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 Table of Contents    
Year : 2014  |  Volume : 36  |  Issue : 3  |  Page : 260-263  

Social networking sites: An adjunctive treatment modality for psychological problems

1 Department of Clinical Psychology, National Institute of mental Health & Neurosciences, Bengaluru, Karnataka, India
2 Department of Psychiatry, National Institute of mental Health & Neurosciences, Bengaluru, Karnataka, India
3 Department of Biostatistics, National Institute of mental Health & Neurosciences, Bengaluru, Karnataka, India

Date of Web Publication26-Jun-2014

Correspondence Address:
Dr. Manoj Kumar Sharma
Department of Clinical Psychology, National Institute of Mental Health & Neurosciences, Bengaluru - 566 029, Karnataka
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Source of Support: None, Conflict of Interest: None

DOI: 10.4103/0253-7176.135374

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Background: Social networking is seen as a way to enhance social support and feeling of well-being. The present work explores the potentials of social networking sites as an adjunctive treatment modality for initiating treatment contact as well as for managing psychological problems. Materials and Methods: Interview schedule, Facebook intensity questionnaire were administered on 28 subjects with a combination of 18 males and 10 females. They were taken from the in-patient and out-patient psychiatry setting of the hospital. Results: Facebook was the most popular sites and used to seek emotional support on the basis of the frequent updates of emotional content that users put in their profile; reconciliations, escape from the problems or to manage the loneliness; getting information about illness and its treatment and interaction with experts and also manifested as problematic use. Conclusions: It has implications for developing social networking based adjunctive treatment modality for psychological problems.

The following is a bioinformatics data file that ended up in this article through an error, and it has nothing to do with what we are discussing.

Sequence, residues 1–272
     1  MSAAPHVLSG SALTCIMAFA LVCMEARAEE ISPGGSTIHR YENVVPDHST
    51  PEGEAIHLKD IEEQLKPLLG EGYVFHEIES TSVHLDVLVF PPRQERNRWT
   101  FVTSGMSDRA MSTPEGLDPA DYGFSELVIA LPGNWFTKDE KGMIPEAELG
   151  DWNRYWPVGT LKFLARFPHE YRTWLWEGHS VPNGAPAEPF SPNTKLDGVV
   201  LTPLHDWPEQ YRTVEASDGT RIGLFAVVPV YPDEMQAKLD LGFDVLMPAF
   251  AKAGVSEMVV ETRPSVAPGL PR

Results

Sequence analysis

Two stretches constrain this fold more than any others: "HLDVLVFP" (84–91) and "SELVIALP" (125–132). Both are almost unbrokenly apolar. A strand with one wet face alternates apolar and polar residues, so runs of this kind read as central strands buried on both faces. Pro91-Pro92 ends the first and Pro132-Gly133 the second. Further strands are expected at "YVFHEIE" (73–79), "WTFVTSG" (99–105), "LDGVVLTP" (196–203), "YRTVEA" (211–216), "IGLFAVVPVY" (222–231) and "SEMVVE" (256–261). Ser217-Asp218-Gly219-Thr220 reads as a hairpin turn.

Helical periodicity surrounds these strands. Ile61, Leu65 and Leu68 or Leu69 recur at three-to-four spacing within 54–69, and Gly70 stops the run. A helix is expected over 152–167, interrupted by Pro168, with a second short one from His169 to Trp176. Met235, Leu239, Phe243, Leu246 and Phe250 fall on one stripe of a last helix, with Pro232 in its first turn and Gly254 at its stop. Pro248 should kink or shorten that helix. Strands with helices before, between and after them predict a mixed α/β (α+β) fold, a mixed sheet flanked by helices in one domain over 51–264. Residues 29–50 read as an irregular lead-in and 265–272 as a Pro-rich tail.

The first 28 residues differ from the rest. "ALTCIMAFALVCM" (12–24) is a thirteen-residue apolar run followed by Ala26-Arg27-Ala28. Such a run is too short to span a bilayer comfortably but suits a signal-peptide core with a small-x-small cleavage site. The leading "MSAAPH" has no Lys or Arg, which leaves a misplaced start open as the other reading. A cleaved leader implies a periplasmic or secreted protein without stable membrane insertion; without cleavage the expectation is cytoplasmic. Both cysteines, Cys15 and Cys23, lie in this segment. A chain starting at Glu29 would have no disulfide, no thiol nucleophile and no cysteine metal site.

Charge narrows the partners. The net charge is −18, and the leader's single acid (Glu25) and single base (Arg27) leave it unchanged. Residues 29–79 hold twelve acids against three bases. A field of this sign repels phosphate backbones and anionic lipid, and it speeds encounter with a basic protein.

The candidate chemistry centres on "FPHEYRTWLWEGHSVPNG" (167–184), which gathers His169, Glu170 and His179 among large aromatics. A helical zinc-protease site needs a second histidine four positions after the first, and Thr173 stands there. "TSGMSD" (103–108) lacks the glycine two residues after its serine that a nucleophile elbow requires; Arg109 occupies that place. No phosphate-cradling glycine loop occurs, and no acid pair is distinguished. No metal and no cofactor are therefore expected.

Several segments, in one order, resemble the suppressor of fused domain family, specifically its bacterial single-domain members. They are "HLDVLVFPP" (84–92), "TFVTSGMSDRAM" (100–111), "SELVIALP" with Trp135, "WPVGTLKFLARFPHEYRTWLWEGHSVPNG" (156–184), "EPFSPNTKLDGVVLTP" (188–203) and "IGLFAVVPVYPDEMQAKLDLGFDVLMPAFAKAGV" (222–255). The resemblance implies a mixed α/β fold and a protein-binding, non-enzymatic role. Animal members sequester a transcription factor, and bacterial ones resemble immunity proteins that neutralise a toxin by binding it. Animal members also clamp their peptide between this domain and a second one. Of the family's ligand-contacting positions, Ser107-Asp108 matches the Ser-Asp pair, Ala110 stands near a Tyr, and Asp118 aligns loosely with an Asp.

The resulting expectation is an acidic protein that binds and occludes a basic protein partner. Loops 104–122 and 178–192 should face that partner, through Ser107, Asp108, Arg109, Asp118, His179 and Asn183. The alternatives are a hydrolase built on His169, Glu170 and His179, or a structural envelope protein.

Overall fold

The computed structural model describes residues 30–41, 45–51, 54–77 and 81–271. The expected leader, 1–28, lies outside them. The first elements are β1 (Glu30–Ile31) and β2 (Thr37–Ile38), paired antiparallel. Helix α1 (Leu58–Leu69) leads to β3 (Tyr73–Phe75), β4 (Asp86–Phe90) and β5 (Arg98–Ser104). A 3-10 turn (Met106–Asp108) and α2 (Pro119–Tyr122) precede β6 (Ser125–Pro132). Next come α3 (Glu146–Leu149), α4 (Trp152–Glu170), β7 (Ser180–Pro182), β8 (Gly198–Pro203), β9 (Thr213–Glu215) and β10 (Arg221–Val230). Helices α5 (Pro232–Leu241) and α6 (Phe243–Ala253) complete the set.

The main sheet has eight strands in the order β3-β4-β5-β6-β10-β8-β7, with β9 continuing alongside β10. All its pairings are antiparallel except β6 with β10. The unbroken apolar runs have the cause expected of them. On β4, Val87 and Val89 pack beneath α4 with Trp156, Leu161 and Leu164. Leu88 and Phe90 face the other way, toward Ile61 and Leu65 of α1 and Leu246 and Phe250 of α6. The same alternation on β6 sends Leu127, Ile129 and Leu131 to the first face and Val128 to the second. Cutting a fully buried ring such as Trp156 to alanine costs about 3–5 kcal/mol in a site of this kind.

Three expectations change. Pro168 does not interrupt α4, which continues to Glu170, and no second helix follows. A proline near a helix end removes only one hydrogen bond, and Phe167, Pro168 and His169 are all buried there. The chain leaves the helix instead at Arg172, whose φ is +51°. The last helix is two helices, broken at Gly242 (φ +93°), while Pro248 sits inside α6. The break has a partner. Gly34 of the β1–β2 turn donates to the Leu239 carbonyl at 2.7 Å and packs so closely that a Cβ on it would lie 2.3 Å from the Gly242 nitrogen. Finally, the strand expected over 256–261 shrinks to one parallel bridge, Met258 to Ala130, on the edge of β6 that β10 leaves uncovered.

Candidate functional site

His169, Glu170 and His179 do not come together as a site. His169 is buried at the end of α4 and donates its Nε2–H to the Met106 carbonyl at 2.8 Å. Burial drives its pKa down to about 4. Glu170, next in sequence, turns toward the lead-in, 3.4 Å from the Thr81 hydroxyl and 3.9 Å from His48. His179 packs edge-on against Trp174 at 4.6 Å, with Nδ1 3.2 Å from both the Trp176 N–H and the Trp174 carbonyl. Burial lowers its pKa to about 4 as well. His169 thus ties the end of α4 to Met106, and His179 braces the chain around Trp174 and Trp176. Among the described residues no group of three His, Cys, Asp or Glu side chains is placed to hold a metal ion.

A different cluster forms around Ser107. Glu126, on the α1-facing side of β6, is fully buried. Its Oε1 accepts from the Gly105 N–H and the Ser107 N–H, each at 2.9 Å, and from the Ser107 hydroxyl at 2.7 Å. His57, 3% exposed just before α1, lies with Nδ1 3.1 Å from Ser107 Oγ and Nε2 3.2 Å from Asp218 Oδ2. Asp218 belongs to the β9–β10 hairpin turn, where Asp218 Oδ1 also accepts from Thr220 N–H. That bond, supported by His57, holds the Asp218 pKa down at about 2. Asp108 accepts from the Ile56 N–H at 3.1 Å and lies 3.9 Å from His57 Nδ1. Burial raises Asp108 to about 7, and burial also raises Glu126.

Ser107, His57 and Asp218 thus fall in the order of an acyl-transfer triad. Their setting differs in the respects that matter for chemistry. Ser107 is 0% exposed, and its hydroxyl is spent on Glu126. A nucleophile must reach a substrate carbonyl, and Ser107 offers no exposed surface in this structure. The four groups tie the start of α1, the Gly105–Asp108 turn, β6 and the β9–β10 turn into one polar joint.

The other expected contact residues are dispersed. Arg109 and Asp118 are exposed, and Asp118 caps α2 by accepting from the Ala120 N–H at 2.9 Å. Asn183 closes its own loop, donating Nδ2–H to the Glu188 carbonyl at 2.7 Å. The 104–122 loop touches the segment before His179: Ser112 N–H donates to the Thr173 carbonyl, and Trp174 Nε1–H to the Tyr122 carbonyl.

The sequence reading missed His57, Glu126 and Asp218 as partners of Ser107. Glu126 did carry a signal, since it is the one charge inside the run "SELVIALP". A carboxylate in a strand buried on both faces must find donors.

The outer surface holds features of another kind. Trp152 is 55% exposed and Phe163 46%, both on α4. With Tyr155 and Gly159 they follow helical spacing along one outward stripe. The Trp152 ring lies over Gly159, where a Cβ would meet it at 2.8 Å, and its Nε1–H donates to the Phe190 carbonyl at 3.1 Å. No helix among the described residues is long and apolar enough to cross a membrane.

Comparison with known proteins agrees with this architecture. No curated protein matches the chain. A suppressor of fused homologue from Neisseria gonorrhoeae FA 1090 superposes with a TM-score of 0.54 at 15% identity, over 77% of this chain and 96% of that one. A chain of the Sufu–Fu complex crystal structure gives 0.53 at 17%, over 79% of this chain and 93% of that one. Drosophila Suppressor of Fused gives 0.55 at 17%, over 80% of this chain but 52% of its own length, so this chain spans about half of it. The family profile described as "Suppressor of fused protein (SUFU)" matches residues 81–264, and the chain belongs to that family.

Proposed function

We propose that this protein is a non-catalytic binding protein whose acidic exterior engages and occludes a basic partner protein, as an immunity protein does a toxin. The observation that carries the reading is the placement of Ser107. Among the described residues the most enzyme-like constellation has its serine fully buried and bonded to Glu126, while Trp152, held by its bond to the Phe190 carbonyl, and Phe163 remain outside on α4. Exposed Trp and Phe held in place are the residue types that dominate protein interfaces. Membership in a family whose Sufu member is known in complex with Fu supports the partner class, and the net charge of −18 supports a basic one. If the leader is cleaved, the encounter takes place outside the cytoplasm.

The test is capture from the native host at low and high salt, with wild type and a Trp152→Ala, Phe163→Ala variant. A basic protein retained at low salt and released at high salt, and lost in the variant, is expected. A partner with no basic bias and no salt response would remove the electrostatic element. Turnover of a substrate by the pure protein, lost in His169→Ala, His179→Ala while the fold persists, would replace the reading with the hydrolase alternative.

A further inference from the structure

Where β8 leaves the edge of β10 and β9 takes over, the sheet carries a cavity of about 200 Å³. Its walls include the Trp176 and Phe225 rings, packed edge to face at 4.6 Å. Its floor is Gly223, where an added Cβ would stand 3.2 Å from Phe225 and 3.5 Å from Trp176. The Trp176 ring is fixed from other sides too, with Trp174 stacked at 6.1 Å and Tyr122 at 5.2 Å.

Keywords: Adjunctive treatment, psychological problems, social networking sites

How to cite this article:
Menon IS, Sharma MK, Chandra PS, Thennarasu K. Social networking sites: An adjunctive treatment modality for psychological problems. Indian J Psychol Med 2014;36:260-3

How to cite this URL:
Menon IS, Sharma MK, Chandra PS, Thennarasu K. Social networking sites: An adjunctive treatment modality for psychological problems. Indian J Psychol Med [serial online] 2014 [cited 2020 May 25];36:260-3. Available from:

   Introduction Top

Social networking sites (SNSs) are found to be growing in popularity for various types of usages. Amongst the internet users, one-third use SNSs and 10% of the total time spent online is spent on SNSs. [1] Just as any other means of communication, SNSs allow its users to meet others, both familiar and non-familiar ones. It also enable users to make their social network visible. It helps them to identify people available in the site with whom they can maintain relationships. Most SNSs provide facilities for private messaging as well as for sending public comments and posts. Many SNSs also have such features as photo sharing, video sharing, build-in blogging and instant messaging. SNSs differ widely on the basis of the basic objectives for which they are designed. There are an online business networking sites (, sites for arranging meetings for communities with like-minded interests (, and sites providing blogging service (, but the most popular ones are those dedicated for initiation and maintenance of online friendships (,, and With increased use of SNSs people can initiate new contact along with the existing ones and these relationships that are formed over SNSs can extent to offline interactions also and hence that the social network of the person increases and correspondingly social capital also increases. [2] It is also possible that with increased time spend on SNSs, people start spending lesser and lesser time for other social activities and community participation so that their social circle will get limited to these virtual social interactions. [3]